its only a huge problem for the whole country of Japan and the seas surrounding.
I really don't give a shit about the possible consequences for the rest of the world on this matter.
Then you'll be relieved to know:
Fukushima: Mark 1 Nuclear Reactor Design Caused GE Scientist To Quit In Protest
Thirty-five years ago, Dale G. Bridenbaugh and two of his colleagues at General Electric resigned from their jobs after becoming increasingly convinced that the nuclear reactor design they were reviewing -- the Mark 1 -- was so flawed it could lead to a devastating accident.
Questions persisted for decades about the ability of the Mark 1 to handle the immense pressures that would result if the reactor lost cooling power, and today that design is being put to the ultimate test in Japan. Five of the six reactors at the Fukushima Daiichi plant, which has been wracked since Friday's earthquake with explosions and radiation leaks, are Mark 1s... http://abcnews.go.com/Blotter/fukushima-...d=13141287
U.S. nuclear plants similar to Japan plant in peril
Mar 12, 2011
Japan's Fukushima Daiichi Unit 1 reactor that had an explosion and radiation release was a General Electric Co (GE.N) Mark 1 boiling water reactor type.
There are 23 GE Mark 1 reactors operating at U.S. nuclear
power plants... http://www.reuters.com/article/2011/03/1...2120110312
HAZARDS OF BOILING WATER REACTORS IN THE UNITED STATES
Of the 104 operational nuclear power reactors in the United States, thirty-five are boiling water reactors (BWR). General Electric is the sole designer and manufacturer of BWRs in the United States. The BWR's distinguishing feature is that the reactor vessel serves as the boiler for the nuclear steam supply system. The steam is generated in the reactor vessel by the controlled fissioning of enriched uranium fuel which passes directly to the turbogenerator to generate electricity.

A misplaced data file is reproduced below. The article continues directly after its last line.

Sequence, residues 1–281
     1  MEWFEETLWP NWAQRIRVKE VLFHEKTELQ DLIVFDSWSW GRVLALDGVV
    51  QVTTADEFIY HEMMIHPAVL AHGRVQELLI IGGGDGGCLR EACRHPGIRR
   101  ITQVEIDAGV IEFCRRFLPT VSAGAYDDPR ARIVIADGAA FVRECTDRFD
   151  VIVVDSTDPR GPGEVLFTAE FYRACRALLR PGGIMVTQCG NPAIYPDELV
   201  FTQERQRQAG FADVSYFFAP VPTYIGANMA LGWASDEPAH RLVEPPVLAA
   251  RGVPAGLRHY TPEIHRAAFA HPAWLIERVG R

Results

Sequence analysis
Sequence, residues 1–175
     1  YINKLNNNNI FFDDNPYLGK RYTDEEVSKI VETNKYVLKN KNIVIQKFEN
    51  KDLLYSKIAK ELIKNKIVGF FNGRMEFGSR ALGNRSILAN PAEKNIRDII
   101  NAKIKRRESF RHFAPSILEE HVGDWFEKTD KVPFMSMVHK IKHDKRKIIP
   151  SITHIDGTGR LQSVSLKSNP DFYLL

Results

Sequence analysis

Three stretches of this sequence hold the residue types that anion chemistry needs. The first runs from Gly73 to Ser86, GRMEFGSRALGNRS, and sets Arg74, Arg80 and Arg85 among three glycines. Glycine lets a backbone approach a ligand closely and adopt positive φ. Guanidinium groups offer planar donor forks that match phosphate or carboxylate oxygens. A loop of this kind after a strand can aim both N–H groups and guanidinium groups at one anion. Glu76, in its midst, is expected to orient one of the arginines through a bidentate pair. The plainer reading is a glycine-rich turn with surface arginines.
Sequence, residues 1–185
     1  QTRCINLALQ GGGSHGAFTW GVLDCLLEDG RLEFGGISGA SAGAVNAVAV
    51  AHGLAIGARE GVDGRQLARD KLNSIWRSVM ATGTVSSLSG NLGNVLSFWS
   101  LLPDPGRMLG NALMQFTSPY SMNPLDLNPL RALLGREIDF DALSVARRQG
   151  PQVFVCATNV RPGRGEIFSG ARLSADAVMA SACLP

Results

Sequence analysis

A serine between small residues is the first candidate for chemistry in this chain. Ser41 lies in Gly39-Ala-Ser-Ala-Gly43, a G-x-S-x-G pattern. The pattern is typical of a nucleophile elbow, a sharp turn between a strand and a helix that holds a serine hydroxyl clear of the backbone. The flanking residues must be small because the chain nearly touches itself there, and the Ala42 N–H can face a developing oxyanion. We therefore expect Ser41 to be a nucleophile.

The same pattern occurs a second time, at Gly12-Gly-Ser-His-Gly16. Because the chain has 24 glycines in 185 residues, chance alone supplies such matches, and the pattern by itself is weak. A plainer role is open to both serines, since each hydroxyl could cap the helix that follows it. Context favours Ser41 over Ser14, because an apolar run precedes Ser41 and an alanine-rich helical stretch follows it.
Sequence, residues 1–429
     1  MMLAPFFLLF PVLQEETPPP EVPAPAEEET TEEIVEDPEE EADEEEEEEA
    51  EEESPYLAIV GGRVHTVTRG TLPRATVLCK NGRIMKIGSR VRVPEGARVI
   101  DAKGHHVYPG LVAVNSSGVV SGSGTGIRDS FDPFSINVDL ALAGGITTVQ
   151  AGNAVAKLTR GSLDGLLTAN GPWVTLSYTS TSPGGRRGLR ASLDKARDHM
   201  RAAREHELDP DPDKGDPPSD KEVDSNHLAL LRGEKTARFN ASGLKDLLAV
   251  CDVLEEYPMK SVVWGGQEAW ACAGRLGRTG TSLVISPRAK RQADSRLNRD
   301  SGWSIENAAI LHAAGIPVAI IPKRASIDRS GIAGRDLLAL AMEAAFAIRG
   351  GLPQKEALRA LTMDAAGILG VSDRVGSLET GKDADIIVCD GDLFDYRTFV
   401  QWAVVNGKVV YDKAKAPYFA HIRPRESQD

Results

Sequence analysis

LACK OF CONTAINMENT INTEGRITY DURING A NUCLEAR ACCIDENT
The purpose of a reactor containment system is to create a barrier against the release of radioactivity generated during nuclear power operations from certain "design basis" accidents, such as increased pressure from a single pipe break. It is important to understand that nuclear power plants are not required by the Nuclear Regulatory Commission (NRC) to remain intact as a barrier to all possible accidents or "non-design basis" accidents, such as the melting of reactor fuel. All nuclear reactors can have accidents which can exceed the design basis of their containment.
But even basic questions about the the GE containment design remain unanswered and its integrity in serious doubt. For example, 23 of these BWRs use a smaller GE Mark I pressure suppression containment conceived as a cost-saving alternative to the larger reinforced concrete containments marketed by competitors. A large inverted light-bulb-shaped steel structure called "the drywell" is constructed of a steel liner and a concrete drywell shield wall enclosing the reactor vessel--this is considered the "primary" containment.. The atmosphere of the drywell is connected through large diameter pipes to a large hollow doughnut-shaped pressure suppression pool called "the torus", or wetwell, which is half-filled with water. In the event of a loss-of-coolant-accident (LOCA), steam would be released into the drywell and directed underwater in the torus where it is supposed to condense, thus suppressing a pressure buildup in the containment.